1/2 vanilla bean, seeds scraped out
zest of one blood orange, finely grated
1 teaspoon juice from the blood orange
1 teaspoon pomegranate molasses


Preheat oven to 350 degrees.

In a food processor, pulse together the sugar, hibiscus, vanilla seeds, and orange zest until completely mixed together.


In a stand mixer, add the egg whites and cream of tartar and mix on high speed for about 3-4 minutes or until the whites are fluffy.

Slow the mixer down to medium speed, and slowly add half of the sugar mixture, a tablespoon or two at a time, until incorporated.  Add the orange juice.

Slowly and gently mix in the remainder of the sugar and the molasses by hand.

Spoon out on a baking tray lined with parchment paper or fill a pastry bag with the mixture and pipe out in desired shape.


 Place tray in oven and turn off heat.  Leave in the oven for at least one hour for a soft, chewy inside, longer if you’d like them crunchy all the way through.


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I think I may actually be getting a handle on this photo thing.

See what I mean? I’m not going to quit my day job, but I think this is an improvement.

So, on to the dish. We’ve gotten basil in every CSA box this summer and have made pesto a few times, but this time I wanted to try something different. Pesto is one of those things that is pretty hard to screw up, so I figured I could just throw some stuff in a food processor and cross my fingers.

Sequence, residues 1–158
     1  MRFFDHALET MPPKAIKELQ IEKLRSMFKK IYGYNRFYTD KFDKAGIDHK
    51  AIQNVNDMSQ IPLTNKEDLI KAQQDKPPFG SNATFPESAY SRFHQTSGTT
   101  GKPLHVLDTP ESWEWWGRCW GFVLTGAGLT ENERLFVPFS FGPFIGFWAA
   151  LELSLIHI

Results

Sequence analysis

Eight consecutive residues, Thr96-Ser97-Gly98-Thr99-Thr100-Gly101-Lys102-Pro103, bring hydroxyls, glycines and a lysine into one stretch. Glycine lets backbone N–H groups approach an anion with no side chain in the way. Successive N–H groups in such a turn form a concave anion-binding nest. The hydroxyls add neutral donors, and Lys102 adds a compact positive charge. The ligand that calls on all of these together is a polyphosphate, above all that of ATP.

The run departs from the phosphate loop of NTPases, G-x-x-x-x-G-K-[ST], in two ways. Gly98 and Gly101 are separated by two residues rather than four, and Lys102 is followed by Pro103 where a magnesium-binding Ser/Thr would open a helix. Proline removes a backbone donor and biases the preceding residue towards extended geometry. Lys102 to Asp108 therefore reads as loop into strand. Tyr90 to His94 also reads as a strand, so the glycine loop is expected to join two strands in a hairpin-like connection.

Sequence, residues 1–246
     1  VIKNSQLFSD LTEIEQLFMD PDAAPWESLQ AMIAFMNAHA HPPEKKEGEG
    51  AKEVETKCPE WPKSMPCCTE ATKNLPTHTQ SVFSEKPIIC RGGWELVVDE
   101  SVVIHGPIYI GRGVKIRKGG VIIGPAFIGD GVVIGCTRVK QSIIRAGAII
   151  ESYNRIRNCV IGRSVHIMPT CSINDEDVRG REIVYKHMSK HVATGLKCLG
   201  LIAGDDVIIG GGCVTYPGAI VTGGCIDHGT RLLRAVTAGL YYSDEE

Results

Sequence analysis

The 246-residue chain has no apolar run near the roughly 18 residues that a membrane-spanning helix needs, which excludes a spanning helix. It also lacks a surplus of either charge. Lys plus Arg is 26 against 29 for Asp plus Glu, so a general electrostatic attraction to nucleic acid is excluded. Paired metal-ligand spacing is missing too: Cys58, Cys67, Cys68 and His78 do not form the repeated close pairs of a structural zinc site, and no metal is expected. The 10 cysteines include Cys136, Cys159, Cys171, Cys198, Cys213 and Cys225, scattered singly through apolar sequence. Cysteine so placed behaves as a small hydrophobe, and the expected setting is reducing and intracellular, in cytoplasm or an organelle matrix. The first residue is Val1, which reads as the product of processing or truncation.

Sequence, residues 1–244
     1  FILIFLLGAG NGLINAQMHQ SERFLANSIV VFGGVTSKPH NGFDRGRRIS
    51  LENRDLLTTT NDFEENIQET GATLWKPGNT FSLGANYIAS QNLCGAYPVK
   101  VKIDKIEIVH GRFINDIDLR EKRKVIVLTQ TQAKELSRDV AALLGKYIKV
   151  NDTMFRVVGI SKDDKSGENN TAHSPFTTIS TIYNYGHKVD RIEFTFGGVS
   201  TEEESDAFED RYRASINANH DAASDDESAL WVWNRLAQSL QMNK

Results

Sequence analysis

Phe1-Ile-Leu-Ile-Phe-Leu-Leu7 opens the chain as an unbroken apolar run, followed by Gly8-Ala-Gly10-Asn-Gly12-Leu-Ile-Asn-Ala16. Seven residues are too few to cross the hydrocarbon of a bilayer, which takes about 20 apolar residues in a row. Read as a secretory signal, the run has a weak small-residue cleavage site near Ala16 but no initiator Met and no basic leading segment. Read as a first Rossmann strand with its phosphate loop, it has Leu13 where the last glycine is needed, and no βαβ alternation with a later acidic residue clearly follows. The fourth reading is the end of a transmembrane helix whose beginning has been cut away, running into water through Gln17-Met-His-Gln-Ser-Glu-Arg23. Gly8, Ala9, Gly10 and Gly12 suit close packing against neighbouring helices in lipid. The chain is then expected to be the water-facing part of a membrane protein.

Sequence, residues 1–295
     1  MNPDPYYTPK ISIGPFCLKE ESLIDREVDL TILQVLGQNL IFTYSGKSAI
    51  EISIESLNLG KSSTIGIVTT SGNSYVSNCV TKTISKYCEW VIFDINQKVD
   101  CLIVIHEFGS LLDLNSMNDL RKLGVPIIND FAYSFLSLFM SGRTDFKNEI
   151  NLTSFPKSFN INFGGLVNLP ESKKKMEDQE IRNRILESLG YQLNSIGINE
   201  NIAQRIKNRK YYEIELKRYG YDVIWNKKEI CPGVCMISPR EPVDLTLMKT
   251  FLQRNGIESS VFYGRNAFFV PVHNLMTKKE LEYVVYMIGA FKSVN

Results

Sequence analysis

Thankfully, my plan worked. So, here’s my new spin on pesto.


* All measurements are approximate
2 cups of basil – I used leaves and stems. Jaime Oliver says stems are fine, and I trust him.
1/4 cup parmegian cheese
1/4 cup shelled pistachios (if they are salted, just be careful when you actually do add salt)
1/4 cup sun dried tomatoes
1/3 cup of olive oil (or some of the oil from the sun dried tomatoes)
Salt and pepper to taste

– Toss the basil, parmesian, and half of the pistachios and sun dried tomatoes in to a food processer and pulse until coarsely chopped. (If you want very smooth pesto, add all the pistachios and sun dried tomatoes.)

– Slowly add the olive oil, salt and pepper, and the extra pistachios and sun dried tomatoes. You may need to stop the food processor to scrap down the sides once or twice.